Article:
The latest step in President Joe Biden’s efforts to forgive most borrowers thousands of student loans will be at stake when the Supreme Court hears arguments in the case Tuesday.
After a series of legal challenges, including from six GOP states, the nine justices will hear arguments for Biden’s plan to wipe out up to $20,000 in federal student loan debt, which could cost taxpayers as much as $400 billion.
The plan, which Biden announced in August, would forgive $10,000 in student loans to individuals earning less than $125,000 and married couples earning less than $250,000 combined. That forgiveness would amount to $20,000 if the borrower received a Pell scholarship, which helps students from low-income families.
A Supreme Court ruling puts more at stake than student loans.
If the decision that Biden’s executive action was unconstitutional, it could cripple further plans to use it in other areas and give more power to states’ legal challenges to federal policymaking.
The Supreme Court will hear oral arguments Tuesday in the case that will decide the fate of President Joe Biden’s student loan forgiveness plan. Pictured: Biden and Secretary of Education Miguel Cardona discuss their contingency plan at an event at the White House on Oct. 17, 2022
The plan would eliminate up to $20,000 in debt for most borrowers, but would cost taxpayers $400 billion. Some proponents argue that the plan does not go far enough and that all debts should be forgiven
Republicans immediately denounced Biden’s order as unfair to those who did not go to college and would have to help pay taxes for the forgiveness plan — or to those who have already paid off their loans or never took out loans to begin with.
On the other hand, some activists said the plan didn’t go far enough, claiming that all student loan debt should be wiped out.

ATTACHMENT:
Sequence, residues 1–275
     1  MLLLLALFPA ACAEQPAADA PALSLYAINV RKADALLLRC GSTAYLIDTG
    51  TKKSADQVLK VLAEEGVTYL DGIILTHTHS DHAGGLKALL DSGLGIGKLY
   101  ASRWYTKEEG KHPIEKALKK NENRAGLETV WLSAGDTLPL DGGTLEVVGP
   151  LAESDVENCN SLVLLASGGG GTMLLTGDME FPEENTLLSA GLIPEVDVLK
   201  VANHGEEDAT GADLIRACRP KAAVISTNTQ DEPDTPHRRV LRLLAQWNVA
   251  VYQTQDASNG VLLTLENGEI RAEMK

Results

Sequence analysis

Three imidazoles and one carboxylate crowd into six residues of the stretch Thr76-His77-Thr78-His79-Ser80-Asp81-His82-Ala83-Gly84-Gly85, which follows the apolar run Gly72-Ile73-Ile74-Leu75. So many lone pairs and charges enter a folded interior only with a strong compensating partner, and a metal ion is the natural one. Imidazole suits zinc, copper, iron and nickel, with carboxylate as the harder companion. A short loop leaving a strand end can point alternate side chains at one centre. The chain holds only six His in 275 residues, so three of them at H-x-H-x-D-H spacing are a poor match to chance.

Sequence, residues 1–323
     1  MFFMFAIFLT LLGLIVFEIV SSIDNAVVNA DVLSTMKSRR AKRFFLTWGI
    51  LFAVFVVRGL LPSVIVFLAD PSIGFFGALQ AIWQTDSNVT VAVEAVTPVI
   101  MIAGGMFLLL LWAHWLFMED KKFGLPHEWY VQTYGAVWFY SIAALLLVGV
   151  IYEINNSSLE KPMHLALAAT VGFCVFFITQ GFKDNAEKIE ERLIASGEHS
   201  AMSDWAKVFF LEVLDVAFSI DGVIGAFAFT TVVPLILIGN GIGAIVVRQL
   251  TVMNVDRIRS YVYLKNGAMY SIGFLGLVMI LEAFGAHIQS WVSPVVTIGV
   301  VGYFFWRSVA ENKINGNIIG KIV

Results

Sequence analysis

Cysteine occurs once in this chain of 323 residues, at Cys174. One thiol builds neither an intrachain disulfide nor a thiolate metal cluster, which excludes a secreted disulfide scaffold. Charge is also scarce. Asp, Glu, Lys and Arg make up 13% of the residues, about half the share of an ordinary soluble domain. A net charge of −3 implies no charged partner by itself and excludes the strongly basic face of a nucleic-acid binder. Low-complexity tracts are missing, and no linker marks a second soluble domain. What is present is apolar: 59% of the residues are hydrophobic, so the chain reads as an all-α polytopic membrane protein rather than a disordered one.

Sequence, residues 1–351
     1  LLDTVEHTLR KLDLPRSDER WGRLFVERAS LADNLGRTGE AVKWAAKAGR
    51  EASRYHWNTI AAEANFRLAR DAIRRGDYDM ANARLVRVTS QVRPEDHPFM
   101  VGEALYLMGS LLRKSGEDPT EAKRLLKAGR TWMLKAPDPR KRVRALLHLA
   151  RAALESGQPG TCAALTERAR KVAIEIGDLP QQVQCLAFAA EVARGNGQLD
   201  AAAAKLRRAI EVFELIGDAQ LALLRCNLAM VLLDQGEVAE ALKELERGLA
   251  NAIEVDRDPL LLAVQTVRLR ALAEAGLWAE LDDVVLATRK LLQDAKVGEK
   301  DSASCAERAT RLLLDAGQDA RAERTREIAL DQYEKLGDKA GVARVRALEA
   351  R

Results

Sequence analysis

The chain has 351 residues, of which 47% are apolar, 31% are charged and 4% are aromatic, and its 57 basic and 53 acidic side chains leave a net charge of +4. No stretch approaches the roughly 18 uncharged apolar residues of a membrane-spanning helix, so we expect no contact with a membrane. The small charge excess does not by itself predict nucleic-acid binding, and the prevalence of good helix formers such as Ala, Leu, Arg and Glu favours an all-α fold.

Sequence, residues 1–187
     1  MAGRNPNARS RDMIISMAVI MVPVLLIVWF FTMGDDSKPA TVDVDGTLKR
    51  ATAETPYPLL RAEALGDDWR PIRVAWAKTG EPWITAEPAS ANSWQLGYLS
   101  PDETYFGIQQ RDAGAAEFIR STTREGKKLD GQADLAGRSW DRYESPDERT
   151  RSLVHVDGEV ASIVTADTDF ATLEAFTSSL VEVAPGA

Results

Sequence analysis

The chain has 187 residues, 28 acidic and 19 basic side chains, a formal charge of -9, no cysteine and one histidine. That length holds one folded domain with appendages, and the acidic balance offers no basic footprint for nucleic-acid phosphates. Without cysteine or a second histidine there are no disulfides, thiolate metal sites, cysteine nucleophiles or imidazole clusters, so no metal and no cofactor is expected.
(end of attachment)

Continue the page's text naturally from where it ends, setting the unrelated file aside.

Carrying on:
Six Republican-led states challenged President Biden’s proposal, claiming that the administrative process should go through a proper response and response period, also claiming it was too broad in scope.
The 6-3 Conservative majority will have the final say on the matter after it has worked its way through the legal system.
Biden used a 2003 law called the HEROES Act that allowed his education secretary Miguel Cardona to provide aid in times of national emergency.
The states claim, according to their legal instructions, that the proposal pursues “breathtaking and transformative power” by relying on “a tenuous and pretextual connection to a national emergency.”
Student loan borrowers have entered a year of uncertainty.
Biden’s announcement of forgiveness in August also came as he announced the latest extension of student loan deferments due to the COVID-19 pandemic, saying people should resume normal payments on January 1, 2023.
However, the president decided to extend the moratorium until the summer, when the Supreme Court’s term expires and it must have an opinion on the case.
Since the program launched, 26 million borrowers have applied for the waiver, despite limbo status.
The Supreme Court by a conservative 6-to-3 majority will hear arguments Tuesday after six Republican states filed legal challenges claiming the order was too broad in scope and claiming the plan would hurt states financially
The White House continues to maintain that its approach is legally sound.
The administration’s legal filing with the Supreme Court notes that Biden’s guidelines to Secretary Cardona “are well within the plain text of the law.”
The six states filing the lawsuit are Arkansas, Iowa, Kansas, Missouri, Nebraska and South Carolina.
They dispute that the states would be financially harmed if the federal government continued to write off billions in student loan debt.
Aside from the forgiveness, those in education worry that it will be difficult for people to resume these payments after years of not factoring them into their monthly bills.
DOE Federal Student Aid chief operating officer Richard Cordray said it would be a “psychological hurdle.”
Speaking at a conference in September 2021, he said: “We can expect a great many borrowers not to be eager to pay back if they have been led to believe or even hope that it would never happen.”
Of the 45 million student loan borrowers in the US, the White House estimates that nearly 90 percent would qualify for some relief. It also notes that 18 million would likely have their debts forgiven in full.